"Hello Darling, I'm home!" he calls as he walks through the door of the private residence at Lambeth Palace. "What's for dinner?"
There's no response, so he goes off in search for Jane. "Jane!" he calls out, "Jane!" He pauses a moment, thinking that he might sound like he's doing a scene out of Jane Eyre. "Jane!" he bellows again.
He waits, thinking he hears something, someone coming down the museum-like hallway, portraits of martyred Archbishops hanging along the walls. Then he sees her.
Or at least he sees someone who could be her.
Or perhaps she took that last reading of "Harry Potter" a bit too seriously.
She's dressed from head to foot in black, draped and swathed in a black garment, her head wrapped tightly in a black scarf and then pouring over her shoulders so that only her eyes are showing - at least, he thinks they are her eyes?
"Jane?" he asks, plaintively. "Is - is that - you?"
The top part of the black robed figure, the part that looks most like the head, nods slowly. He can't really see the eyes, there's this flap that has now come down over them.
"What is this?" he asks, now alarmed.
She raises what appears to be an arm and draws her fingers up slowly to the air, finally pointing past him, like the Ghost of Christmas Past in that blasted Dicken's story. He turns around.
"Good evening, your Grace," says a low and ominous voice from a portrait on the wall. "Sharia Law is now going to be imposed and we thought it prudent to begin the imposition right here at your residence first, since you seem so accommodating." The portrait appears to be a man dressed all in white, his dark beard long and his head wrapped in white. The portrait nods approvingly.
"That's supposed to be the Cranmer portrait," exclaims the Archbishop of Canterbury, "Where the hell is Cranmer?"
"Burned!" bellows the voice of the portrait. "Go!" the voice commands the figure draped in black. The figure turns to leave.
"No!" cries out the Archbishop of Canterbury, turning away from the strange new portrait on the wall to face the woman dressed in black. "No, don't go! I didn't mean it, I didn't mean it, blasted BBC, I shouldn't have said it, please, please come back, don't go, please, don't go!"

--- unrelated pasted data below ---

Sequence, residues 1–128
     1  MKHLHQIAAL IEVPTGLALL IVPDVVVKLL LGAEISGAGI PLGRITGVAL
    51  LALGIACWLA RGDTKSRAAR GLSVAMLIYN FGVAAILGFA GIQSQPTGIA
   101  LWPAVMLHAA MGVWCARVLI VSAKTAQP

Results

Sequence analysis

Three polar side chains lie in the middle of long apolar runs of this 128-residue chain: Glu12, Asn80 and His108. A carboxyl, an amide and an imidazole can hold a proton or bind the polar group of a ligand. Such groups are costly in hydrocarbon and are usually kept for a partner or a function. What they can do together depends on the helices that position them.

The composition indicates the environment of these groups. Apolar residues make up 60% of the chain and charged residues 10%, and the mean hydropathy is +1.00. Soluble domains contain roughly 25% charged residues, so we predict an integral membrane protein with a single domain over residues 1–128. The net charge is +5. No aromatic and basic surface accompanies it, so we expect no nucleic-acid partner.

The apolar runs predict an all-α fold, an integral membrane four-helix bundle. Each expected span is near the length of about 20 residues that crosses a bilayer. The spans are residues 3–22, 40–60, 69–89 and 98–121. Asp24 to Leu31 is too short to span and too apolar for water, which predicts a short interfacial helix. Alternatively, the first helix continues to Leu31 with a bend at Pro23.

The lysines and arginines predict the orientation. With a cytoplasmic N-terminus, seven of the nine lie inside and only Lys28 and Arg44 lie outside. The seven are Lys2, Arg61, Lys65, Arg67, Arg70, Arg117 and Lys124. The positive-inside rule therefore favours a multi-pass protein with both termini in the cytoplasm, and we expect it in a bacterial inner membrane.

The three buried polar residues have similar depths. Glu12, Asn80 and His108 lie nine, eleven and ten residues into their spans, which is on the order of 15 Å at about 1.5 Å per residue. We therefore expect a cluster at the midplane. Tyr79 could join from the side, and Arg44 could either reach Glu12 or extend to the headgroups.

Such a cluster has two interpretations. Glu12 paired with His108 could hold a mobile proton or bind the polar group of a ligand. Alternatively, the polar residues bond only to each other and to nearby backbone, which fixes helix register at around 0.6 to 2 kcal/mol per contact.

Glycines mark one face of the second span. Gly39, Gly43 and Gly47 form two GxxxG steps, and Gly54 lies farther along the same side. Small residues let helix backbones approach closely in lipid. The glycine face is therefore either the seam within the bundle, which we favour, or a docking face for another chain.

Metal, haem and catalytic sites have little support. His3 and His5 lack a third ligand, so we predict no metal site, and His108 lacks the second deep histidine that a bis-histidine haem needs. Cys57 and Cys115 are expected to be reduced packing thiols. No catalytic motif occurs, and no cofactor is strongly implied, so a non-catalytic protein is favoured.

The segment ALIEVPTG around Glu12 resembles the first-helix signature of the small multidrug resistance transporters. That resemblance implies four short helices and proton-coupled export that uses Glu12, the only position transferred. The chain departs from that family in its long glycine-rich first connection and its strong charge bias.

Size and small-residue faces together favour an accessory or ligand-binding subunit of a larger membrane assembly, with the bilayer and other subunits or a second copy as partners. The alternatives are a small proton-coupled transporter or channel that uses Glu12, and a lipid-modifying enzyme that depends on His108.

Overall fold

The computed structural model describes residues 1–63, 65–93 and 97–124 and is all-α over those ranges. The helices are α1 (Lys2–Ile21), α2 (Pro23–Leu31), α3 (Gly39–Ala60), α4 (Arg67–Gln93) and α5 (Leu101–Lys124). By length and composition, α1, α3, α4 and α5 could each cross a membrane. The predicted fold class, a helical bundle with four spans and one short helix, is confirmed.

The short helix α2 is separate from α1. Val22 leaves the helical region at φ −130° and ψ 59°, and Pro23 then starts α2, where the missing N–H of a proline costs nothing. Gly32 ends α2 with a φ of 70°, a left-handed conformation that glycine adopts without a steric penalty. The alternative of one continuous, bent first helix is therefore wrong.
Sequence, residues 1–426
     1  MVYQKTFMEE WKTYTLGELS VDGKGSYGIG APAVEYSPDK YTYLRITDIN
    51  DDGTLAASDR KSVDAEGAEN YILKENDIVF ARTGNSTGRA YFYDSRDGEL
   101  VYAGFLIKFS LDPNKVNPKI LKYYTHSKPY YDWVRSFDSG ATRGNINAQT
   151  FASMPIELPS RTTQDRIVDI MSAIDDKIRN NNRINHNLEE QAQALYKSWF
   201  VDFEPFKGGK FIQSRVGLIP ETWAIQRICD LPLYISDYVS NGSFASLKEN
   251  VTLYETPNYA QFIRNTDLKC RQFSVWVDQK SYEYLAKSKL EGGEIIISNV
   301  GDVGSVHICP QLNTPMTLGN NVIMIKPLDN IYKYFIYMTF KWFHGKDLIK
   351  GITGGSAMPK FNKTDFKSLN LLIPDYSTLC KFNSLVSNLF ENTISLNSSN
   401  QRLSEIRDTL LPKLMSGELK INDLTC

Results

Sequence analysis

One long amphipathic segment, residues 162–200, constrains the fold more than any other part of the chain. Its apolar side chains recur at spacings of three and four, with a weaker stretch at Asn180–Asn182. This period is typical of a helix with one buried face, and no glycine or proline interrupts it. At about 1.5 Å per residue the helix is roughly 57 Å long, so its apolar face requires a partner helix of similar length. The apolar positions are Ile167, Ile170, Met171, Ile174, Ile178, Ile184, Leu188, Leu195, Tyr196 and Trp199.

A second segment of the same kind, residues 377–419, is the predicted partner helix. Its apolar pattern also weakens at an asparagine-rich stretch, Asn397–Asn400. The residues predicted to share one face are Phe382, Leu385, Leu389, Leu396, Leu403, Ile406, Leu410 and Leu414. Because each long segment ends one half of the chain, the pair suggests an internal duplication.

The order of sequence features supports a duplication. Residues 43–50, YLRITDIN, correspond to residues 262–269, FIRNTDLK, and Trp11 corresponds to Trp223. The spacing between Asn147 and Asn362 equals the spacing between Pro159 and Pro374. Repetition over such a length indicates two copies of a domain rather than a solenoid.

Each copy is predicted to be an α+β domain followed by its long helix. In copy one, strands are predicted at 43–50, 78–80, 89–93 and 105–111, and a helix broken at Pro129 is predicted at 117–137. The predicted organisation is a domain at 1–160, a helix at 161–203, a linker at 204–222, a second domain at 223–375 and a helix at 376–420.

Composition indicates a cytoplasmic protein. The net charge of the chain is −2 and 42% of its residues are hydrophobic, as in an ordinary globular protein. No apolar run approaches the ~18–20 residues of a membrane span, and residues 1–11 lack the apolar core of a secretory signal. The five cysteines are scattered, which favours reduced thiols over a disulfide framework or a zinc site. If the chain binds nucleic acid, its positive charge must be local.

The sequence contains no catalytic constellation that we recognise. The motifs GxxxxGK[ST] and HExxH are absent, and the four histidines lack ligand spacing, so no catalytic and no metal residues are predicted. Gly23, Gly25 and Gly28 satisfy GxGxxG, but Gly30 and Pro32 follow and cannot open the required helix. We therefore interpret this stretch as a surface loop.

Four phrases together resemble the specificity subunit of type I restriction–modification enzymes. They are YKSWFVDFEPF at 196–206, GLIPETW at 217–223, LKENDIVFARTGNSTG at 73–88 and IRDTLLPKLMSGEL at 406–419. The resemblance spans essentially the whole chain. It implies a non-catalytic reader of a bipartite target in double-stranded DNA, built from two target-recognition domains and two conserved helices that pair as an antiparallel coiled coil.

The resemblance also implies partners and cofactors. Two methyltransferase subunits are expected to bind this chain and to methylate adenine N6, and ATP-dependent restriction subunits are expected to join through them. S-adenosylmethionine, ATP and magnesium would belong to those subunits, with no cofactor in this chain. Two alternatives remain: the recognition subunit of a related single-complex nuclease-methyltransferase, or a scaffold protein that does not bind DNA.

The woman silently turns away and he moves to run after her, but the closer he gets to her, the further away she seems. "Come back," he cries out to her, "Don't leave me! I don't know what I was saying. It was just an idea! Rochester is driving me bonkers, you know what he's like - Jane, Jane!"
"Dr. Williams?" a new voice says suddenly, a woman's voice, and he opens his eyes. The Queen of England is sitting on a settee across from him, a china cup and saucer in her hands. "Are you quite all right?"
He blinks. "I beg your pardon, your Majesty," he says, horrified. "I - I must have nodded off a bit there. Oh dear." He looks around and realizes that he is sitting in the Queen's private quarters at Buckingham Palace, here apparently for his monthly chat.
The Queen gently sets her tea cup and saucer on the table beside her and lifts her hand. A footman steps forward. "The Archbishop appears to need something stronger than tea," she says stiffly. The footman nods and departs, seemingly quite clear on what the Queen wants without her saying a word.
They sit in silence for a few moments until the footman returns, carrying a silver tray with a small silver flask and one shot glass. The Queen nods and the footman sets the tray down on another table near the Archbishop of Canterbury. He tries to look up at the footman but his eyes turn to the Monarch instead. She purses her lips together and then says, nodding toward the tray, "for you."
Obediently, he pours himself a full glass of whiskey and, hesitating only a moment, downs the entire glass in one gulp. He is sure he sees one of the portraits gracing the walls around them - is that George IV? - wink.
"Tell me, Dr. Williams," the Queen asks, retrieving her own tea cup and saucer again and sipping it slowly. "How is your wife?"